“What you do speaks so loud that I cannot hear what you say.”
– Ralph Waldo Emerson
(via Jonathan Fields)
“The advice I like to give young artists, or really anybody who’ll listen to me, is not to wait around for inspiration. Inspiration is for amateurs; the rest of us just show up and get to work.
If you wait around for the clouds to part and a bolt of lightning to strike you in the brain, you are not going to do an awful lot of work. All the best ideas come out of the process; they come out of the work itself.
Things occur to you. If you’re sitting around trying to dream up a great idea, you can sit there a long time before anything happens. But if you just get to work, something will occur to you and something else will occur to you and something else that you reject will push you in another direction.
Inspiration is absolutely unnecessary and somehow deceptive. You feel like you need this great idea before you can get down to work, and I find that’s almost never the case.”
— Chuck Close
“Finishing big projects takes so much time that we often kind of lose sight of how far we’ve come in the process. And unfortunately there’s no built in progress bar.”
— Jocelyn K Glei
I wish life came with a progress bar. An idea I discovered in this this thoughtful CreativeMornings/LA talk by Jocelyn K Glei.
“Don’t hire a dog, then bark yourself”
– David Ogilvy
“Security is mostly a superstition. It does not exist in nature, nor do the children of men as a whole experience it. Avoiding danger is no safer in the long run than outright exposure. Life is either a daring adventure, or nothing.”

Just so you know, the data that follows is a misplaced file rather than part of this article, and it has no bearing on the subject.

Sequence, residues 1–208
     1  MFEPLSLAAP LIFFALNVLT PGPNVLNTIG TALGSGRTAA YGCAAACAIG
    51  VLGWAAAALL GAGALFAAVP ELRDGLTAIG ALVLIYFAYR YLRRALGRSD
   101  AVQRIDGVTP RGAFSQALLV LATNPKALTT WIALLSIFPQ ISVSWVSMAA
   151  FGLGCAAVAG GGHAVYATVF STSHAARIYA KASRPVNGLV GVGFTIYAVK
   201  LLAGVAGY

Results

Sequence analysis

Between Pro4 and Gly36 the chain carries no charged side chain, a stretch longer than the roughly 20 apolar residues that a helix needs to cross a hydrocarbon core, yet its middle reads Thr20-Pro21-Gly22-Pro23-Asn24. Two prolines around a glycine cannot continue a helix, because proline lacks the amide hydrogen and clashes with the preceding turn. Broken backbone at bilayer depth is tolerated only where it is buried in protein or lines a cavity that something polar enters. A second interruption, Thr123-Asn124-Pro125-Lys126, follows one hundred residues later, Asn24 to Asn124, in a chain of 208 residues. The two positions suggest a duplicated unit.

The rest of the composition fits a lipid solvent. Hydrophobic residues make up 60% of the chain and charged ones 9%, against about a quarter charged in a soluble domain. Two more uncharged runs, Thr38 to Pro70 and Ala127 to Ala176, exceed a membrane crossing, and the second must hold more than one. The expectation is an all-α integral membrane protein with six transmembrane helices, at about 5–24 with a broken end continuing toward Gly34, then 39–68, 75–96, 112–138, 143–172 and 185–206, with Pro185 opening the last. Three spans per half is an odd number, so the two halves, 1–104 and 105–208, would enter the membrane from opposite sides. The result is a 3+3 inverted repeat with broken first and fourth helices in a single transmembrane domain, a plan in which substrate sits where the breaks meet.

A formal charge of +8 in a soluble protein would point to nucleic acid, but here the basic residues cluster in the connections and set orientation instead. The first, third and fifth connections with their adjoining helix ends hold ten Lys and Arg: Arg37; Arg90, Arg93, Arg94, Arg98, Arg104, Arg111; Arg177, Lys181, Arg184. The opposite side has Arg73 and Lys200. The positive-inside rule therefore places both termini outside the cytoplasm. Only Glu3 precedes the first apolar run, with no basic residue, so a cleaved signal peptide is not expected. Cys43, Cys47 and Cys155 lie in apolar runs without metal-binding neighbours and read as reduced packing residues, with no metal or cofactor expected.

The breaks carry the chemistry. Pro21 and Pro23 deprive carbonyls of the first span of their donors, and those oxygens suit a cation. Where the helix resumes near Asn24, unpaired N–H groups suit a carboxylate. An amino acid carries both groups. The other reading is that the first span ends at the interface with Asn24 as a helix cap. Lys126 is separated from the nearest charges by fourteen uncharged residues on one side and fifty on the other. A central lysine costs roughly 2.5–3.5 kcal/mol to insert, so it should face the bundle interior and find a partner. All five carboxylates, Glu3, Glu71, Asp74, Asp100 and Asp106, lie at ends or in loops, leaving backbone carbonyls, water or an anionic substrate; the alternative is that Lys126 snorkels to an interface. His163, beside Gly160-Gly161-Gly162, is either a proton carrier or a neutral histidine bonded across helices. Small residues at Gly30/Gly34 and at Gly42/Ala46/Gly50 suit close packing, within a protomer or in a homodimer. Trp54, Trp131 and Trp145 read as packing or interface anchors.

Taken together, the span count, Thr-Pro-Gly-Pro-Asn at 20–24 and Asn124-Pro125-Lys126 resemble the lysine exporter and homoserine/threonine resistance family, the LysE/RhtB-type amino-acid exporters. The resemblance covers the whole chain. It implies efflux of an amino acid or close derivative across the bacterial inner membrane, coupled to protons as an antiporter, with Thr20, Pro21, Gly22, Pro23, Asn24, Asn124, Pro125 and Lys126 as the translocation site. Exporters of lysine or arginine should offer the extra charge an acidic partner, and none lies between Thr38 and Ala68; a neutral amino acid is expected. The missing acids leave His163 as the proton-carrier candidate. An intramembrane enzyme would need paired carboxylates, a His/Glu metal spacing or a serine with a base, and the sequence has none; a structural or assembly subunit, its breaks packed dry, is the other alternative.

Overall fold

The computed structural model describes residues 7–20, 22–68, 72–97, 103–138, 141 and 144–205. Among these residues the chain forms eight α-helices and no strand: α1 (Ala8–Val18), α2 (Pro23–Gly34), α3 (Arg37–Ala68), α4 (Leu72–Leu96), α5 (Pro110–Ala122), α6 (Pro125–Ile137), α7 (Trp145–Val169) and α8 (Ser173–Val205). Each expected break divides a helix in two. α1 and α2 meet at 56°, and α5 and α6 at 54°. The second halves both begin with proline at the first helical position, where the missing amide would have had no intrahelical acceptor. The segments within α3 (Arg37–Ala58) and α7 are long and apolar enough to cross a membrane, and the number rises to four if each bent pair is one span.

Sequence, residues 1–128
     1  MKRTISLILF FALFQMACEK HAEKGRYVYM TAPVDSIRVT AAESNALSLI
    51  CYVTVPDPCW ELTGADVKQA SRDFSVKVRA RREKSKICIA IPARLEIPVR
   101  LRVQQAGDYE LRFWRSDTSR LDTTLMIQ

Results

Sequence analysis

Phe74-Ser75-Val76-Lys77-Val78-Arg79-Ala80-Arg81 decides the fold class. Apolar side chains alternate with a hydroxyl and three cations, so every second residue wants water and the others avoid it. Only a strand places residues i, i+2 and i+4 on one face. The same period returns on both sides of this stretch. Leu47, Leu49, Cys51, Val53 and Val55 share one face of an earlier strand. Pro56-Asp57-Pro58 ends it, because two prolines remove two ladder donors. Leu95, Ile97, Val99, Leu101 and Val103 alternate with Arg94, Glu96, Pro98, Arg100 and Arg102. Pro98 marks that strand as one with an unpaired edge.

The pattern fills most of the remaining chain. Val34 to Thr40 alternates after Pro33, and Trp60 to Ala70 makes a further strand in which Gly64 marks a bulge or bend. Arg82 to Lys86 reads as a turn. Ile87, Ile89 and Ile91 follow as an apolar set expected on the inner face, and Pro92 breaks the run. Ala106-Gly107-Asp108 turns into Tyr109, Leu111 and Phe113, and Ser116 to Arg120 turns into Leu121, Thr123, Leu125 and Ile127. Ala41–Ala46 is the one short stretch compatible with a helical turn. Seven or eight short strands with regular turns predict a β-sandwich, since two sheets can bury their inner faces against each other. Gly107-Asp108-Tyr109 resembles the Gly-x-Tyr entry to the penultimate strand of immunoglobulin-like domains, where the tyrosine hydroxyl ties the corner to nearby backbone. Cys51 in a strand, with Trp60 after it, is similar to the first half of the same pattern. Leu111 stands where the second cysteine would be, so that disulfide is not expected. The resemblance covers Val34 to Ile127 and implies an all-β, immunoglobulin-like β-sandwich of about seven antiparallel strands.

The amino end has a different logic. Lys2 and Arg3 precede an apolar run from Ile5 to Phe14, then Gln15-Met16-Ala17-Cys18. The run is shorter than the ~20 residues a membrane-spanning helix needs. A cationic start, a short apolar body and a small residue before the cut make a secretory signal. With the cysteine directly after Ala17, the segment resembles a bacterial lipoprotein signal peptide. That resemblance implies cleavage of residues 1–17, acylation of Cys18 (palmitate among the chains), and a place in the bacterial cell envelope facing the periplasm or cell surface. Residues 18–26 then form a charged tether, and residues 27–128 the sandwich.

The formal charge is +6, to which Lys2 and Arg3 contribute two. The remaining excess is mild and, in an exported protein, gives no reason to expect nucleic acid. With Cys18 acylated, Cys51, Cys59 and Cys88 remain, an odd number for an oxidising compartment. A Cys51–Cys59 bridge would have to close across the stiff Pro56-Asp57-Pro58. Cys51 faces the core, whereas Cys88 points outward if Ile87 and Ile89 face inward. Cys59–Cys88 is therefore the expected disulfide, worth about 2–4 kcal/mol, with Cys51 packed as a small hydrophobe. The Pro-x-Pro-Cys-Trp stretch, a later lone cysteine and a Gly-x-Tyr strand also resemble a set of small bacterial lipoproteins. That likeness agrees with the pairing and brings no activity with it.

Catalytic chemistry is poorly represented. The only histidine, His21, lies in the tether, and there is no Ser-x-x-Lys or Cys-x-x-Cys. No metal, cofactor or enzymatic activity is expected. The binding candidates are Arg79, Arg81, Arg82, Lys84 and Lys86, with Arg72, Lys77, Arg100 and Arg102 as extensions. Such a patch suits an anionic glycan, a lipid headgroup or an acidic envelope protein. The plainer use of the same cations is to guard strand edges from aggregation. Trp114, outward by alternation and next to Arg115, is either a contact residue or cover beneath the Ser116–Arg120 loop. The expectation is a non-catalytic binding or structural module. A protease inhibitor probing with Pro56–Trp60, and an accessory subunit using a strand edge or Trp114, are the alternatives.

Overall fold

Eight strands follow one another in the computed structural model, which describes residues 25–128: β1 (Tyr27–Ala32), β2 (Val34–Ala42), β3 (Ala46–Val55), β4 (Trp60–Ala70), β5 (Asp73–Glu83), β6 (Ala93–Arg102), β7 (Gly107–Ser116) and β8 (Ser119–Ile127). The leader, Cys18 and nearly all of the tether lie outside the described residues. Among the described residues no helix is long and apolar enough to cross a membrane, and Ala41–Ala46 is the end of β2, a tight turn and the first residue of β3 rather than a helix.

– Helen Keller
“Do not be critics, you people, I beg you. I was a critic and I wish I could take it all back because it came from a smelly and ignorant place in me, and spoke with a voice that was all rage and envy. Do not dismiss a book until you have written one, and do not dismiss a movie until you have made one, and do not dismiss a person until you have met them. It is a f@*$%load of work to be open-minded and generous and understanding and forgiving and accepting, but Christ, that is what matters. What matters is saying yes.”
– Dave Eggers
(via Jonathan Fields)
“Poorly written emails are an early warning of intense busy. Yes, I lack the time to proofread an email, but the mail is sent. At least I accomplished something. The step beyond this is when shit is truly falling on the floor, and while shit on the floor is professionally unacceptable, there used to be a point of irrational pride in my head during this situation: Look at me, how important I must be, with all the… busy.”
A Precious Hour by Tanner Christensen
PATIENCE: We lose our temper because we believe that things should be perfect. We’ve grown so good in some areas (putting men on the moon etc.), we’re ever less able to deal with things that still insist on going wrong; like traffic, government, other people… We should grow calmer and more forgiving by getting more realistic about how things actually tend to go.
Ten Virtues for the Modern Age, by Alain de Botton
“Instead of looking at technologies programmed to enable human beings to better navigate the world I see technologies optimized to help corporations better navigate and manipulate human behavior. That’s not technology’s fault but a question of who and what we’re allowing to build our applications and whether or not we’re willing to look at them from the perspective of human need.”
Staying Human in the Machine Age: An Interview With Douglas Rushkoff, by Andrew O’Keefe